Loafers Lodge fire: Fire and Emergency NZ boss defends response into fatal Wellington blaze, says organisation has 'challenges'

The boss of Fire and Emergency New Zealand has defended his organisation and the state of its fleet but revealed they are facing "significant" challenges. 

The large, fatal blaze broke out in the early hours of Tuesday morning in Loafers Lodge on Adelaide Rd in Wellington. 

So far, six deaths have been confirmed, but police fear that number could rise. 

Police also confirmed on Wednesday they are treating the Loafers Lodge fire as arson after they entered the charred building to conduct an "extensive and methodical" scene examination.

Up to 90 firefighters battled the fatal blaze, helping to rescue a number of people trapped in the building.  

Fire and Emergency NZ (FENZ) chief executive Kerry Gregory fronted media on Thursday to defend his organisation saying they had enough resources to respond to the blaze.  

"I can reassure you Fire and Emergency had enough crews and enough specialist appliances to respond to the Newtown fire," he said. 

"All the vehicles that were there were fit for purpose ....but I'm not denying that we've inherited huge legacy issues that we will have to address over time." 

Gregory told media an operation review would give more details on the issues. 

"It's really raw for firefighters. Most firefighters in their whole career don't go to a fire fatality, let alone one of the worst we've had in Wellington," he said.

"They are really struggling in that space."

Almost 30 percent of FENZ's appliances are beyond their target asset life of 20-25 years, Gregory said.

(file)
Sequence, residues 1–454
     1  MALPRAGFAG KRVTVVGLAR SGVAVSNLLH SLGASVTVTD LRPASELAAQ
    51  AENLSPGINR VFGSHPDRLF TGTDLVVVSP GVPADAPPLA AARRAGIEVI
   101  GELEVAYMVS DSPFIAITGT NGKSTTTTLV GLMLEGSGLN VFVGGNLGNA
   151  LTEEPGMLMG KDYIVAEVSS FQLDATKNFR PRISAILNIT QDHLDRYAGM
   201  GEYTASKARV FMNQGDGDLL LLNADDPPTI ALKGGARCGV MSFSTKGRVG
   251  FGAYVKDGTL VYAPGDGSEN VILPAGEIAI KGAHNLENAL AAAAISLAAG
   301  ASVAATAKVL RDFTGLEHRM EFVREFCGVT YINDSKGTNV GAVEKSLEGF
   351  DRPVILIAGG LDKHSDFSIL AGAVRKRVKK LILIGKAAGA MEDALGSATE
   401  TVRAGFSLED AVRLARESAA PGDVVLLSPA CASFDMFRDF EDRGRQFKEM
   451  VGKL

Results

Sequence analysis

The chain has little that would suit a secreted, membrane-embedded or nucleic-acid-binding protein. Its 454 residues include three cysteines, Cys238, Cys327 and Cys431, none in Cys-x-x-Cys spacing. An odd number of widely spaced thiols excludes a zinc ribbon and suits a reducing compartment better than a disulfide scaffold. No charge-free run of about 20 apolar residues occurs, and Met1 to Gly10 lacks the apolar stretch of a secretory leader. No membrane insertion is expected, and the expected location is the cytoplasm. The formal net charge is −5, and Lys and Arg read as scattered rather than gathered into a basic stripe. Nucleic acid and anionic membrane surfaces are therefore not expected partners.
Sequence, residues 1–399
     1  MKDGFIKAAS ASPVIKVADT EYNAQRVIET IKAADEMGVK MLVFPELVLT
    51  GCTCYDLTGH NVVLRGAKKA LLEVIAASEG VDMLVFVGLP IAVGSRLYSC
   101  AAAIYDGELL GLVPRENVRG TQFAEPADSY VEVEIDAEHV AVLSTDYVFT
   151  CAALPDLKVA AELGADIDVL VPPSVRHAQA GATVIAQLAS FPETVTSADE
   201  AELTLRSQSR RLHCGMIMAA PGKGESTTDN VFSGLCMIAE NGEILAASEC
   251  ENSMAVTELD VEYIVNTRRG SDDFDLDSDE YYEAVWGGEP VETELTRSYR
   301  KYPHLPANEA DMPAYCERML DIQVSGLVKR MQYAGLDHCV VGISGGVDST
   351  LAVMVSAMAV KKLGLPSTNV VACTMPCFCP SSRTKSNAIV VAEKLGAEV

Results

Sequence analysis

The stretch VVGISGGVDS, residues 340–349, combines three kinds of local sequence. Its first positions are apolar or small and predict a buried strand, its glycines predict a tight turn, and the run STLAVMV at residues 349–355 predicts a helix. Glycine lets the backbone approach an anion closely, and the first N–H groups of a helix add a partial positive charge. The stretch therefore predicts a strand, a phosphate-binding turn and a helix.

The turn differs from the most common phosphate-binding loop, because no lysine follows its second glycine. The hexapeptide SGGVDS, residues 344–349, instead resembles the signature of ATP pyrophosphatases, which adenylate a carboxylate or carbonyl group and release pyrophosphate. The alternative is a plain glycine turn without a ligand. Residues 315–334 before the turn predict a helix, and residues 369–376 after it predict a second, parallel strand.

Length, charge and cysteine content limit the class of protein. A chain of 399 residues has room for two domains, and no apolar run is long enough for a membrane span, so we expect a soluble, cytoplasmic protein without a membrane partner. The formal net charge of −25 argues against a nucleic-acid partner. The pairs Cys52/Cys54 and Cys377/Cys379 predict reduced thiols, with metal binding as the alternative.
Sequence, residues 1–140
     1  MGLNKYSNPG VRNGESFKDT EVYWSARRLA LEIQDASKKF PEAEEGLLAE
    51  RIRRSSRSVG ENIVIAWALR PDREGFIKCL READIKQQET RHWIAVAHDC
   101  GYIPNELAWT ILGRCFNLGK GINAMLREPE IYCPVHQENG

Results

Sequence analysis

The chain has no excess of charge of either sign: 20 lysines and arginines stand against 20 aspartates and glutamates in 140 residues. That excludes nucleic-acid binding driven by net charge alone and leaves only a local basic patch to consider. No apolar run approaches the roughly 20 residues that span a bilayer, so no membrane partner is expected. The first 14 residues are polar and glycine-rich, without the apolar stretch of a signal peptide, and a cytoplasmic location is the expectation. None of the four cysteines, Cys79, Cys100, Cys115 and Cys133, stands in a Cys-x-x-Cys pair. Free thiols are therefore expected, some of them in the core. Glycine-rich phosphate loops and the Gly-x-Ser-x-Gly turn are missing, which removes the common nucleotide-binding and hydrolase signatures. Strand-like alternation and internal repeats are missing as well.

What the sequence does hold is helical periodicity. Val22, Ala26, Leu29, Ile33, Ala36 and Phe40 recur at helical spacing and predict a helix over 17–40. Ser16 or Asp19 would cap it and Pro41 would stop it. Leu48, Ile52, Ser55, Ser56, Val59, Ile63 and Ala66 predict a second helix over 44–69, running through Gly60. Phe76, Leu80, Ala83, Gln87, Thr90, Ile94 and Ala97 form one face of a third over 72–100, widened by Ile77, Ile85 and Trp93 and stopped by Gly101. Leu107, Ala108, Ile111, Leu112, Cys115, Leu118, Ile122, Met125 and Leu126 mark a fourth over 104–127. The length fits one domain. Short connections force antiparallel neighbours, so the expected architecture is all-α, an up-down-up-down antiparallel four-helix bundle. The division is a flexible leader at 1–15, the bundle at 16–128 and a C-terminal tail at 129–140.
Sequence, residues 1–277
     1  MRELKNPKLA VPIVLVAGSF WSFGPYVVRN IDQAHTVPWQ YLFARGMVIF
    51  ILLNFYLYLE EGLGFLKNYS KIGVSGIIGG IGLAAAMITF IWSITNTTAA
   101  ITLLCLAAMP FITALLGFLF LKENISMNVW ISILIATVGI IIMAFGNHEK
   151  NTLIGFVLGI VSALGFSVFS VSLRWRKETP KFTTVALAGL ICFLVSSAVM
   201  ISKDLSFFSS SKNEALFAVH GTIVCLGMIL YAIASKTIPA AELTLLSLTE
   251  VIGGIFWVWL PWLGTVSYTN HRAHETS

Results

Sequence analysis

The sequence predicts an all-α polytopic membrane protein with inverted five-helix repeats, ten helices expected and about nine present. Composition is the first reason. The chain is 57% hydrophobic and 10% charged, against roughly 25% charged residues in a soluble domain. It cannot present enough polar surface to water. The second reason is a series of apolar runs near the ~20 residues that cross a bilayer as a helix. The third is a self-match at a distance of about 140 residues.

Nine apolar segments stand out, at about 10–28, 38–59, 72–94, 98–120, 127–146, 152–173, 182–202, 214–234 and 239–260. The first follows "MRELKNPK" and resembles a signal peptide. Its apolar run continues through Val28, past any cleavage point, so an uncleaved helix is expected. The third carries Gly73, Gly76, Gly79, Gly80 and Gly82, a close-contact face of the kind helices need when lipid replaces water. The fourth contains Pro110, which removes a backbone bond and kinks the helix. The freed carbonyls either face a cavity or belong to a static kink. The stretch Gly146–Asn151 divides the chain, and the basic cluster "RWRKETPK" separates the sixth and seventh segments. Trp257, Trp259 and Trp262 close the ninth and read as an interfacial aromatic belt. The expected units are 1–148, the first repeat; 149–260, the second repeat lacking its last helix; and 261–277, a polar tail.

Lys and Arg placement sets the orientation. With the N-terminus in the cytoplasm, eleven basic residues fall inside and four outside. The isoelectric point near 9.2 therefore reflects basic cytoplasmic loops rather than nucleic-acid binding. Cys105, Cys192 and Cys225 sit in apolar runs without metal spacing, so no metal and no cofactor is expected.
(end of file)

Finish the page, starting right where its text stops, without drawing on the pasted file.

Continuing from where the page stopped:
He added FENZ has had 241 new appliances since the creation of Fire and Emergency in 2017 and has built or refurbished 30 new fire stations since January 2018. 

"While there has been considerable investment in fleet, property and the back office system since Fire and Emergency's formation in 2017, current and plan levels of capital expenditure will be really challenged to ensure the maintenance and the necessary investment in our assets to meet the needs of New Zealand communities based on our forecast incomes," he said. 

The establishment of FENZ brought together more than 40 separate fire services from around the country, Gregory said.

Fire and Emergency NZ (FENZ) chief executive Kerry Gregory.
Fire and Emergency NZ (FENZ) chief executive Kerry Gregory. Photo credit: Newshub

But he also revealed the legacy condition of many of their stations varied "significantly". 

"The legacy condition of many of our inherited stations and appliances varied significantly from fit-for-purpose vehicles to those that were barely safe for use," he said.

Gregory said despite "significant" time and investment, FENZ still has a long way to go to modernise their out-of-date fleet and neglected property.

"Fire and Emergency has a 20-year capital budget forecast of more than $2.9 billion to improve and replenish main assets," he said. 

"Based on our current forecast income, we can only afford $2 billion. The Board of Fire and Emergency New Zealand is looking at options and mechanisms for funding this $900 million shortfall, this remains a work in progress." 

FENZ is working with unions, associations and people on the ground around the country to ensure they develop a modern emergency response organisation that is up-to-date and fit for purpose.

"I want to reassure the public, as we saw on Monday night, and through the flooding earlier this year from the Far North right through to Tairāwhiti and the Hawke's Bay, Fire and Emergency is available and capable of responding to incidents to keep New Zealand communities safe," he said.

"Please call 111 if you have an emergency. We will respond and continue to be there when you need us."